On January 23, 1978, Sweden became the first country on Earth to ban aerosol sprays propelled by chlorofluorocarbons (CFCs). Growing scientific evidence showed that CFCs were damaging Earth’s ozone layer. Sweden acted even before the 1985 discovery of the ozone hole, which, to this day, opens up every year over Antarctica. After scientists found the ozone hole, virtually every country on Earth followed Sweden in banning CFCs, via the Montreal Protocol, an international treaty.
Sweden 1st to ban aerosol sprays
In the 1970s, scientists began to understand how chlorofluorocarbon chemicals – used as refrigerants and aerosol propellants – could destroy Earth’s ozone layer. They understood that ozone in Earth’s stratosphere protects life on Earth from harmful ultraviolet rays from the sun. Scientists realized that, as the ozone diminished due to CFCs, skin cancers and cataracts would increase.
And so some nations of the world, such as Sweden and the United States, began to ban CFCs. The U.S., for example, announced its ban on October 15, 1978.
Discovery of the ozone hole in 1985 increased the urgency to ban CFCs. In a monumental achievement of international cooperation, numerous – eventually all – nations signed the original Montreal Protocol, which entered into force on January 1, 1989. This treaty banned the use of CFC-propelled aerosol cans and regulated other ozone-depleting substances, such as halons.
As it turned out, the switch to modern aerosol cans was easy. Most consumers didn’t notice any difference as aerosol producers began using other gases or mechanical pumps.
Since 1989, the world’s nations revised the Montreal Protocol eight times, in 1990 (London), 1991 (Nairobi), 1992 (Copenhagen), 1993 (Bangkok), 1995 (Vienna), 1997 (Montreal), 1999 (Beijing) and 2007 (Montreal). The Montreal Protocol is the only U.N. treaty ratified by all 198 U.N. member states.
The 2019 Kigali Amendment took the next step by banning some CFC replacements that are powerful greenhouse gases.
Has Earth’s ozone layer been saved?
The Montreal Protocol is working, but recovery of the ozone layer will take time. A well-known marker for progress is the size of the ozone hole, which opens up each year over Antarctica.
Scientists knew that, in theory, certain chemicals could harm the ozone layer. But they were stunned when, in 1985, a science team reported drops of about 30% in October ozone levels over Antarctica. This finding was entirely unexpected.
Subsequent satellite observations showed the maximum area of depleted ozone – which happens near the end of Antarctic winter in September or October – rapidly growing in size. By 1992, the hole was about as large as North America.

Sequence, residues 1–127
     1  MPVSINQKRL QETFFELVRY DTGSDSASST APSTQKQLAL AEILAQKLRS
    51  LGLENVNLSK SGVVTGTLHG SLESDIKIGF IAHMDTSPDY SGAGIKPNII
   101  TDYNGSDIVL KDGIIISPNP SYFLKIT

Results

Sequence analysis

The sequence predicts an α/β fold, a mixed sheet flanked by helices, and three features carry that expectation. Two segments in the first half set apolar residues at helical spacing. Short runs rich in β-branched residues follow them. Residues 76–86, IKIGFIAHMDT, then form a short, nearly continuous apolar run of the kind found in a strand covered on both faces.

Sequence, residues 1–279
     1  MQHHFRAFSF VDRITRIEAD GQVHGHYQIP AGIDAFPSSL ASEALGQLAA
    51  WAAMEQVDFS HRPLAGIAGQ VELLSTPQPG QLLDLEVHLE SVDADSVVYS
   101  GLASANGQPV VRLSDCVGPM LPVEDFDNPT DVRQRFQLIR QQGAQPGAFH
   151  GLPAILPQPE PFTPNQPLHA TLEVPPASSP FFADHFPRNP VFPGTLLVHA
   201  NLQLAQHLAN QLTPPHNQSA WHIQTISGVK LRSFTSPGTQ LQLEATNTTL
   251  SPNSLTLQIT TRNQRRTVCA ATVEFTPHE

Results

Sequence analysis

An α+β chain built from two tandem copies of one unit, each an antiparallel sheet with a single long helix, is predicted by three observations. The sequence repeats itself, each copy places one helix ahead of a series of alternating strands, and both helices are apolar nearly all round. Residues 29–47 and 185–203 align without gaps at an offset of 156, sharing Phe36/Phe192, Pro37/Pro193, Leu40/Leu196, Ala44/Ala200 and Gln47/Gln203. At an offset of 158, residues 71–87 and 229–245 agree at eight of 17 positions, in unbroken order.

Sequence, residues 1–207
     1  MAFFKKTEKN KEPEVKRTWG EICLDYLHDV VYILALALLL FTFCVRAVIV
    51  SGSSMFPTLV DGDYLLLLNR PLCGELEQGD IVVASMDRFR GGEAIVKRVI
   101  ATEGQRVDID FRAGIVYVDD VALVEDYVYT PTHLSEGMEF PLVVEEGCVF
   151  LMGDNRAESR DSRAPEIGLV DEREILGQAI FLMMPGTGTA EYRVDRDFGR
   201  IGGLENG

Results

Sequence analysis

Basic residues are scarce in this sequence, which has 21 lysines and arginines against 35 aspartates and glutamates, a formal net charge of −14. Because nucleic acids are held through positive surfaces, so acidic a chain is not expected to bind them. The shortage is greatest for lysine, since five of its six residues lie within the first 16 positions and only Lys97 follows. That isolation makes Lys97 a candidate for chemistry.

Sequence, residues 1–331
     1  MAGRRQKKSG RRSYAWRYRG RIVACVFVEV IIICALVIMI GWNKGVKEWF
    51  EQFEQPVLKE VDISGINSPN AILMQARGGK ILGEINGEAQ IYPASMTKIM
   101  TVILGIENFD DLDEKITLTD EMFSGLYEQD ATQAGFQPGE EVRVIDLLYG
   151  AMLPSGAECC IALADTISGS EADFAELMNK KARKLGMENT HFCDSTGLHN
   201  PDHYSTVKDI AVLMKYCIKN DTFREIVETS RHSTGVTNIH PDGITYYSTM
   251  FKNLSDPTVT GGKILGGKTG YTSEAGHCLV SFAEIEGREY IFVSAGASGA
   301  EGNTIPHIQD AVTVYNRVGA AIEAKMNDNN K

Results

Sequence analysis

The good news is that the ozone hole in 2019 was the smallest since observations began. The bad news is that the ozone hole grew large again in 2020 and 2021.
Big changes in ozone hole size
Scientists from NASA, NOAA and other organizations have been monitoring Earth’s ozone layer from the ground and with instruments on satellites and balloons since the 1970s. The Clean Air Act mandates these observations.
They find evidence that ozone hole growth has stopped. Conditions in Antarctica can, however, affect its size from year to year.
In 2019 the Antarctic winter was warm, so the hole grew to its smallest size since its first detection. The years 2020 and 2021, on the other hand, saw colder than average winters in Antarctica, so the hole grew again. In 2020 it was at its 12th-greatest extent ever. When it reached maximum size for 2021 on October 7, it was at its 13th-greatest extent.
In spite of these big changes, scientists expect ozone recovery in the decades ahead, with projections suggesting that stratospheric ozone will return to 1980 levels between the years 2050 and 2070.
Bottom line: On January 23, 1978, Sweden became the first country to announce it would ban aerosol sprays containing chlorofluorocarbons (CFCs). This post outlines the history of our knowledge of ozone depletion and international agreements banning CFCs, and it gives an update on the changing Antarctic ozone hole in recent years.